November 5th, 2007
I’m not an obsessed, full-time devotee of social networking (SN), but I was surprised when I began to realize how much the various SN services have permeated my life. I supposed that if I were a high-school or college student, I might devote most of my waking hours to interactions with both “real” friends and “virtual” friends on Friendster or MySpace; and if I were a young, recently-graduated working professional, I might organize a substantial amount of my social life around these services.
But I’m way past that age, and I’m part of the generation/culture of knowledge workers that instinctively assumes SN services are frivolous time-wasters, unworthy of attention by us “serious” adults who have real jobs, real work to do, and precious little time for gossip and banter. Thus, it really was a surprise when I jotted down some notes on what I’m actually doing — and also what I’m not doing — on roughly half a dozen of these sites. Here goes:
- Dopplr — I blogged about this here, a couple days ago, and my network of “fellow travelers” has now grown to about 20 people, with invitations outstanding to another 20. Thus far, Dopplr has told me about one business colleague whose travels will take him to Austin, TX at the same time as me; but I already knew that, since he and I are participating in a “Software Best Practices” seminar in Austin next week. But I’m looking forward to future reports from Dopplr about overlapping trips/travelers that I didn’t know about, and I think that will be much more likely once my network has grown to 50-100 people. But I’m still appalled by the Dopplr users who are sharing their travel information with hundreds of people — I don’t know how they ever manage to have any peace and quiet when they’re on the road!
- Twitter — I’m now “following” the twitterings (known as “tweets” — short, informal, 140-character messages) of roughly three dozen people, and am being followed by an overlapping, but slightly different, set of 30 people. The tweets appear silently and unobtrusively in a small sidebar, on the right side of my large desktop screen, visible only out of the corner of my eye while I’m concentrating on “regular” work. I realize that one reason I enjoy Twitter is that I work alone, and thus don’t have the usual social interactions that office-workers have — i.e., the short, casual, one-sentence interactions that you exchange when you pass someone in the hallway (“hey, I picked up that new Eagles album you recommended!”, or “hey, how was your kid’s birthday party yesterday?”. I ignore at least half of the tweets, skim most of the remainder and move on; and a few are worth noting, responding to, and following up.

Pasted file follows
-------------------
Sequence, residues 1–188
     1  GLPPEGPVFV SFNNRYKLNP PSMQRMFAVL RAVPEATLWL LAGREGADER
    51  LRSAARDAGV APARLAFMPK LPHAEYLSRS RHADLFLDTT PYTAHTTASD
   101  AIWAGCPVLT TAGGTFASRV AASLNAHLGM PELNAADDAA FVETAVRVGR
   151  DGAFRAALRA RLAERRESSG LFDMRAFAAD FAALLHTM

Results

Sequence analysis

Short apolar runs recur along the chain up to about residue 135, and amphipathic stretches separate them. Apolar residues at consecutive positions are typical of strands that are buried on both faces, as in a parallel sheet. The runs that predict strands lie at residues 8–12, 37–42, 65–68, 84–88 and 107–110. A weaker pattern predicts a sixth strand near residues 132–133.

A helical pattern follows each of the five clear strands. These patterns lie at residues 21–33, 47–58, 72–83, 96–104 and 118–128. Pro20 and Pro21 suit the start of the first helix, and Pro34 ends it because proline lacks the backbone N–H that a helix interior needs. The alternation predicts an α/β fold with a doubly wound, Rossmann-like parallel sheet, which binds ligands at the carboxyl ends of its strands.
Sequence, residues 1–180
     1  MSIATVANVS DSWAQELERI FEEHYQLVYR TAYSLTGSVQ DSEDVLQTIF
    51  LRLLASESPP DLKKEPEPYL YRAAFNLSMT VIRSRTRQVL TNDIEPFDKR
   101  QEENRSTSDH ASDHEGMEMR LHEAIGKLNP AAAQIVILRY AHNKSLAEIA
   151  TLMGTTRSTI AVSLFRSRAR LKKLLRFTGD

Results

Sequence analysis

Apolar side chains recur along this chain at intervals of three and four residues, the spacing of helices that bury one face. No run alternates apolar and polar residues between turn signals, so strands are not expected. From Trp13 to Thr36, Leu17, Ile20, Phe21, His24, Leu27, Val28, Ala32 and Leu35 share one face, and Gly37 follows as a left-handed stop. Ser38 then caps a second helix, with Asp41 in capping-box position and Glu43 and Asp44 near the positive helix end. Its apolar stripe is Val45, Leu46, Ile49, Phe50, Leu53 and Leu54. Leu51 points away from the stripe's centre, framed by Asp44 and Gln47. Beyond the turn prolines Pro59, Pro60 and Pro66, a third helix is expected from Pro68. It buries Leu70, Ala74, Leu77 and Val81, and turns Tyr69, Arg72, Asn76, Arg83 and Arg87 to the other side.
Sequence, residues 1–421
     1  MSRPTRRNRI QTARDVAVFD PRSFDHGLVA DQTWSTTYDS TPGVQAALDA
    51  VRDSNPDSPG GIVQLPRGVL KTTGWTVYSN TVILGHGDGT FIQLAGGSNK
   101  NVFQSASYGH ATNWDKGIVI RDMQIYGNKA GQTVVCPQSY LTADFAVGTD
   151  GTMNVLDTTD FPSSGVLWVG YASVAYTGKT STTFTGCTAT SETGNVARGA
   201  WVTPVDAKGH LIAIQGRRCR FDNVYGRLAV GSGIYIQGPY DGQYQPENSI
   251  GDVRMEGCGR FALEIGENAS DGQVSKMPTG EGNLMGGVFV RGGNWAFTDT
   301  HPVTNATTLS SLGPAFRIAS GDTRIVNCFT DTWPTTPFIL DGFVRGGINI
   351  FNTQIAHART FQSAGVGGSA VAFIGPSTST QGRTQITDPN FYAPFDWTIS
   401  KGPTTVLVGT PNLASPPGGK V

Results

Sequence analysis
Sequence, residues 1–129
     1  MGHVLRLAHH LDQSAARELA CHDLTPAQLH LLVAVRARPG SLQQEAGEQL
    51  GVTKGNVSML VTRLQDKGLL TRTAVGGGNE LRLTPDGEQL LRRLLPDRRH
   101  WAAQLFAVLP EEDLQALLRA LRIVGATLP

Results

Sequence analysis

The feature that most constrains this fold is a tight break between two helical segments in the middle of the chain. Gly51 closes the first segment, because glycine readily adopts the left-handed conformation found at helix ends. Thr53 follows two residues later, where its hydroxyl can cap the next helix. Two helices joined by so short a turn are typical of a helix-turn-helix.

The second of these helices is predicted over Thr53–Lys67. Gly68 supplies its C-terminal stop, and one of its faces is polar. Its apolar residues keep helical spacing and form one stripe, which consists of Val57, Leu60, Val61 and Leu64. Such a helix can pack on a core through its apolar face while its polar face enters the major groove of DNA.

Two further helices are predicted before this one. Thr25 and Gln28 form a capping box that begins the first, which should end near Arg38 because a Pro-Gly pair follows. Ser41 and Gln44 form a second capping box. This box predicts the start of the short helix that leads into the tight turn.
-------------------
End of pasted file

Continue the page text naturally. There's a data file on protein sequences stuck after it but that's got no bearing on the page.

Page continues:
- Slideshare — I’ve just discovered this one during the past week, and have found that it reaches a fairly broad audience when you have presentation material (e.g., a bunch of Powerpoint slides) that you want to share. As such, I don’t know whether it really qualifies as a “social network”; but it certainly is a handy mechanism for sharing and collaborating on both personal and professional topics of mutual interest. I’ve started uploading my Web 2.0 presentations to Slideshare, and a few hundred people I might not otherwise have interacted with are now looking at the material.
- Flickr — I’ve been using Flickr for a year or so, as a convenient mechanism for uploading and sharing photographs with friends and family members. I’m certainly not the best or most popular photographer in the world, but I probably use Flickr more heavily than the average camera buff: I’ve got some 3,200 photographs organized into roughly 75 “albums” (which you can see here), and the photos have been viewed roughly 8,700 times. What’s interesting is that only a tiny percentage of those “viewings” have been carried out by family members and friends, even though they’re often the subject of the photographs. Instead, random people from all over the world stumble upon my photos (typically by searching for any photos with a specific tag, such as “sunset” or “Manhattan”), and occasionally send me a comment indicating that they enjoyed seeing them. For example, I uploaded a bunch of photographs that I took during the 1976 Bicentennial “Tall Ships” parade in the Hudson River (which you can see here), and I subsequently got an email from a retired Navy officer, asking if I could provide more information about one of the pictures, for a reunion of the various sailors who had sailed on that ship …